Preference for updating BIOS

Joined
Nov 25, 2020
Messages
30
I buy Asus boards, and up until now I've only updated the BIOS using the EZ Upgrade method through their Windows software. Last November I picked up a Crosshair VIII Hero (wifi) to go with my 5900x, and was introduced to the EZ Flash method out of necessity. It's worked so far, but I've also heard horror stories of people bricking their mobos.

So, for the crowd here: Is one method actually safer than the other?

Also, why haven't mfgs. built backup systems into their board yet where the existing BIOS is backed up in case of failure during apply.
 

pitingres

Limp Gawd
Joined
Jul 25, 2018
Messages
268
On the surface, I'd expect the EZ Flash to be safer as it doesn't depend on Windows not crashing while it's running.

You don't see backup systems on many boards because it would generally require more and/or larger BIOS prom chips and support logic, adding cost for a very rarely performed operation.
 

motqalden

[H]ard|DCOTM x4
Joined
Jun 22, 2009
Messages
2,592
Flashing from bios is always safer as there is less that can go wrong. I usually take the extra step of reseting bios defaults to remove and ram overclocks im running and reboot before doing it just in case.
 

vegeta535

[H]F Junkie
Joined
Jul 19, 2013
Messages
8,521
I do it from with in the bios. Less likely for anything to happen. I will only use any flash back if I have no other choice or the MB has a outdated BIOS that doesn't support a current CPU.
 

Kerby1280

n00b
Joined
Aug 18, 2006
Messages
49
I do it from with in the bios. Less likely for anything to happen. I will only use any flash back if I have no other choice or the MB has a outdated BIOS that doesn't support a current CPU.
Exactly. I always do it within the bios and never had issues. I would only use the EZ Flash as a last resort.
 

pendragon1

Extremely [H]
Joined
Oct 7, 2000
Messages
39,953
flashing in bios is technically safer but ive never had an issue with a windows based tool either. a lot of new boards and oem systems will now receive bios updates via windows update and apply them at reboot, its kinda handy. also, gigabyte makes(or did) lots of boards with dual(a backup) bioses.
 

chameleoneel

Supreme [H]ardness
Joined
Aug 15, 2005
Messages
5,792
I buy Asus boards, and up until now I've only updated the BIOS using the EZ Upgrade method through their Windows software. Last November I picked up a Crosshair VIII Hero (wifi) to go with my 5900x, and was introduced to the EZ Flash method out of necessity. It's worked so far, but I've also heard horror stories of people bricking their mobos.

So, for the crowd here: Is one method actually safer than the other?

Also, why haven't mfgs. built backup systems into their board yet where the existing BIOS is backed up in case of failure during apply.
Some boards do have a "dual bios", so that you can restore after a failed Bios. However, the feature has fallen a bit out of favor and is back to typically only featured on some of the most expensive boards. Bios are so large nowadays, I guess the bios chips are relatively more expensive and board manufactures keep pinching where they can, with tighter margins.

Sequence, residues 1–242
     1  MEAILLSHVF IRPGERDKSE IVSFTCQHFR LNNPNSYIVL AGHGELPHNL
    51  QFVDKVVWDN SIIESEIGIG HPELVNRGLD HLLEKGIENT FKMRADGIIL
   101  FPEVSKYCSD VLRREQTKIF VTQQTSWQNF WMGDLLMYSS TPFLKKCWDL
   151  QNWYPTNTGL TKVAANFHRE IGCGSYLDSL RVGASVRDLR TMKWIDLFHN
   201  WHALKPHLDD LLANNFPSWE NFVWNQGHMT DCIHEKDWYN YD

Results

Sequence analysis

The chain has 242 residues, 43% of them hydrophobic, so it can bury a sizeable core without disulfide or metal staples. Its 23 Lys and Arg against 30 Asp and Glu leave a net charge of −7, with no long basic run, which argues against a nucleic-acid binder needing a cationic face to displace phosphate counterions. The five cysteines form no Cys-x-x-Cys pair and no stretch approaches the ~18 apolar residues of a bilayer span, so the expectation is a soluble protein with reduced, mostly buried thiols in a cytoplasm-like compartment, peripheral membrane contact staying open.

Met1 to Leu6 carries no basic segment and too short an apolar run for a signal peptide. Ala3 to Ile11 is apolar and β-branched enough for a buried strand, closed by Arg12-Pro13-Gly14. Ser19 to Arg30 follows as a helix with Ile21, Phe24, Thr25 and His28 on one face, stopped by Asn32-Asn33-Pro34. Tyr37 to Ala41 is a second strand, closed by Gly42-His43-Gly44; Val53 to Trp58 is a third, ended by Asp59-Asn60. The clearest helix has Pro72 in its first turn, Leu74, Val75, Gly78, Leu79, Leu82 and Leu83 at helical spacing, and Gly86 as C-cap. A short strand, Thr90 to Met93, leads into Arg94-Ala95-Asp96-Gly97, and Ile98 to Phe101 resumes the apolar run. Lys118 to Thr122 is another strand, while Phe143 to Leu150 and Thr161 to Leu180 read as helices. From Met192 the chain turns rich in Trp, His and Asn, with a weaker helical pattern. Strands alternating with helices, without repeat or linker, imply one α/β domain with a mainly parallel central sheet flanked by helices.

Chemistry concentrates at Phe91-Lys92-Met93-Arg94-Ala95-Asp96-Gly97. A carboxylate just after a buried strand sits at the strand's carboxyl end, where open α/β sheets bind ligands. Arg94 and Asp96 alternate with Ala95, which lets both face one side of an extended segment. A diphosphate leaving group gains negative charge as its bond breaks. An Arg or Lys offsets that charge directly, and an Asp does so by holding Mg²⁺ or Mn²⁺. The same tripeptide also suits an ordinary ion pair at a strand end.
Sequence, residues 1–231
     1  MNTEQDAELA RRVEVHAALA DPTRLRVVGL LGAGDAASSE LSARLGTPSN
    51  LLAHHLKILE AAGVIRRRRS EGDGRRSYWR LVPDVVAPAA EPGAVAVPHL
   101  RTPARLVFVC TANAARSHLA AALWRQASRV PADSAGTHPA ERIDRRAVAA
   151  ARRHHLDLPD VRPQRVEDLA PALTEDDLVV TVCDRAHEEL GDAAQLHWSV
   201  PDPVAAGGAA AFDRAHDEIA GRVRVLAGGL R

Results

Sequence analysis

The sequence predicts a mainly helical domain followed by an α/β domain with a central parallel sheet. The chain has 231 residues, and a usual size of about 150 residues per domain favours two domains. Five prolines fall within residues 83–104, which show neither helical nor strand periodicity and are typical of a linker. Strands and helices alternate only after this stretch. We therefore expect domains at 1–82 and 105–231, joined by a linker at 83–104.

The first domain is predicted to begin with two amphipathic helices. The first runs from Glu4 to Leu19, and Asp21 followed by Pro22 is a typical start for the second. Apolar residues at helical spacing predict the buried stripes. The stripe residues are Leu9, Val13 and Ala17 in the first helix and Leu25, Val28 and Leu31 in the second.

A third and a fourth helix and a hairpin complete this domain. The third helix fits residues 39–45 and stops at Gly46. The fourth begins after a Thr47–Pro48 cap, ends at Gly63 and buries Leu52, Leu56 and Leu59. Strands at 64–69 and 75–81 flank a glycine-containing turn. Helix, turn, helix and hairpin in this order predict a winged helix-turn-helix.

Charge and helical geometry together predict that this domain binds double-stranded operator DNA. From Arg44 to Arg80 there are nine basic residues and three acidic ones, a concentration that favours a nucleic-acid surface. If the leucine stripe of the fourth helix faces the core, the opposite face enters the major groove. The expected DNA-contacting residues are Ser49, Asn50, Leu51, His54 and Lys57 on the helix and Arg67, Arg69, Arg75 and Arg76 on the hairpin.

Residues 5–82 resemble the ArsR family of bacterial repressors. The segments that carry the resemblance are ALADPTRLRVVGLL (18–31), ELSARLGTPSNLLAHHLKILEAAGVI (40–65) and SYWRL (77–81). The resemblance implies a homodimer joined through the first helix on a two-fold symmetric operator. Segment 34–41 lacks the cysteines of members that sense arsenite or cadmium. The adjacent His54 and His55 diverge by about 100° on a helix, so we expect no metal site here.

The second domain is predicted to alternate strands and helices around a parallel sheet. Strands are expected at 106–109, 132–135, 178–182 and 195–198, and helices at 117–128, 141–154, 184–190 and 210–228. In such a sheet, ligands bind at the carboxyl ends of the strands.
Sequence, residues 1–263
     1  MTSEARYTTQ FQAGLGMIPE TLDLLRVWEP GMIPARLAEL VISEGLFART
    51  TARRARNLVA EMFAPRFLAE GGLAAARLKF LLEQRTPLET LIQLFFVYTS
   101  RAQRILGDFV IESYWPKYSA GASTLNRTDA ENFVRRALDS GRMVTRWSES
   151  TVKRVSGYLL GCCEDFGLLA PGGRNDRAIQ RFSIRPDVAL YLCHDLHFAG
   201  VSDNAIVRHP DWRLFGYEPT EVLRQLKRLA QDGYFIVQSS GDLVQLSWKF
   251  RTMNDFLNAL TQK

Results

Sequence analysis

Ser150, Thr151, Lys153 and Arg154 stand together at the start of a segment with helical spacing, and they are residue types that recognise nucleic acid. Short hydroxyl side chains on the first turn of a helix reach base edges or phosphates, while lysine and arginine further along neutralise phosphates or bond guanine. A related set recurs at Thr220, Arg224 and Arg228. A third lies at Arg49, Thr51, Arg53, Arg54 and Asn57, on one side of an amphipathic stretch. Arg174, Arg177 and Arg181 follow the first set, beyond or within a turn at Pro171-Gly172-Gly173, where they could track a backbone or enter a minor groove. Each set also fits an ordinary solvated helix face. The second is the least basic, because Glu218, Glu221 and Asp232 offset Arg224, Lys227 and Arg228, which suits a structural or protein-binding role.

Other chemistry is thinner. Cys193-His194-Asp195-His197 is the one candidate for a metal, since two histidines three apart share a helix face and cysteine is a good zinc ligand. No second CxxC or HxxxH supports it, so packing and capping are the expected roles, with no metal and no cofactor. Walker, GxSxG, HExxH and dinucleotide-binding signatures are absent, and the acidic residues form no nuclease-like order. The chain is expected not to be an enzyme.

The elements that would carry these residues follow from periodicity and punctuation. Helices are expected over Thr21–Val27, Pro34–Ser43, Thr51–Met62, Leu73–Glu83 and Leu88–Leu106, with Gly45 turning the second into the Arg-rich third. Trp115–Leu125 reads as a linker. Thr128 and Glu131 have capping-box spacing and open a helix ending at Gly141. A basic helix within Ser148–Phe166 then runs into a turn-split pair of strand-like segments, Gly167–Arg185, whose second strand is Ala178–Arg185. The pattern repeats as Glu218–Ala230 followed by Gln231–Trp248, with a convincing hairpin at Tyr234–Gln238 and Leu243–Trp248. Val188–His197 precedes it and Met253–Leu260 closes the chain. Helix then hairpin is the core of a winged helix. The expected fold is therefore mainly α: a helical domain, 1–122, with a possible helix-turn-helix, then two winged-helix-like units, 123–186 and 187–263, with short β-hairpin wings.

Flashing within the bios/before windows, is the safest. But there is always a risk of bricking. It should be covered by warranty, however. As long as you aren't using a third party flashing utility.
 

Tobit

[H]ard|DCer of the Month - March 2010/May 2011
Joined
Dec 12, 2005
Messages
5,145
I love Asus's Flashback on the boards that have it. Stick the bin on a USB stick, insert, press a button.
 
Joined
Jan 16, 2013
Messages
3,171
I highly prefer to go through the bios to update. Load optimized defaults -> reboot -> update bios. Probably done this hundreds of times now and almost no failures/issues.
 

grumperfish

Weaksauce
Joined
Apr 19, 2014
Messages
116
I always use the BIOS/UEFI update methods, except for on Dells as they've long managed to get Windows BIOS updates working without issues. I'm not sure I'd trust an in-Windows BIOS patch on other manufacturer boards.

Gigabyte sticks dual-BIOS on most of their more expensive boards. I've only needed to rely on it once when a 5ghz attempt (with what turned out to be a faulty RAM module) forced a hard reboot and the main BIOS failed over.
 

Skull_Angel

[H]ard|Gawd
Joined
May 31, 2010
Messages
1,664
Flashing from bios is always safer as there is less that can go wrong. I usually take the extra step of reseting bios defaults to remove and ram overclocks im running and reboot before doing it just in case.
I highly prefer to go through the bios to update. Load optimized defaults -> reboot -> update bios. Probably done this hundreds of times now and almost no failures/issues.
This is usually the safest solution and you're going to have to manually input all your [old] settings any way [some of which may not work], since <fanfare> new bios.
 

GiGaBiTe

2[H]4U
Joined
Apr 26, 2013
Messages
2,160
Flashing from bios is always safer as there is less that can go wrong. I usually take the extra step of reseting bios defaults to remove and ram overclocks im running and reboot before doing it just in case.

I used to think that until I recently had several boards in a row which were bricked with the EZ-Flash utility. Problem in every case turned out to be stuck bits in the SPI ROM that the EZ-Flash utility didn't detect, which resulted in a bricked board. I've since fallen back to DOS flashing from a Hirens USB stick, and I'll do it twice before rebooting to be absolutely sure.

I've had to buy a SPI flasher to fix the bricked boards, and in most cases had to desolder the SPI ROM because the board would drag the bus down and keep the chip from being able to be programmed.
 

ChosenUno

[H]ard|Gawd
Joined
Aug 26, 2011
Messages
1,313
I've always just stuck with whatever method's recommended by the OEM, sometimes it's flash in BIOS, others it's a Windows utility. Haven't bricked anything yet.
 
Top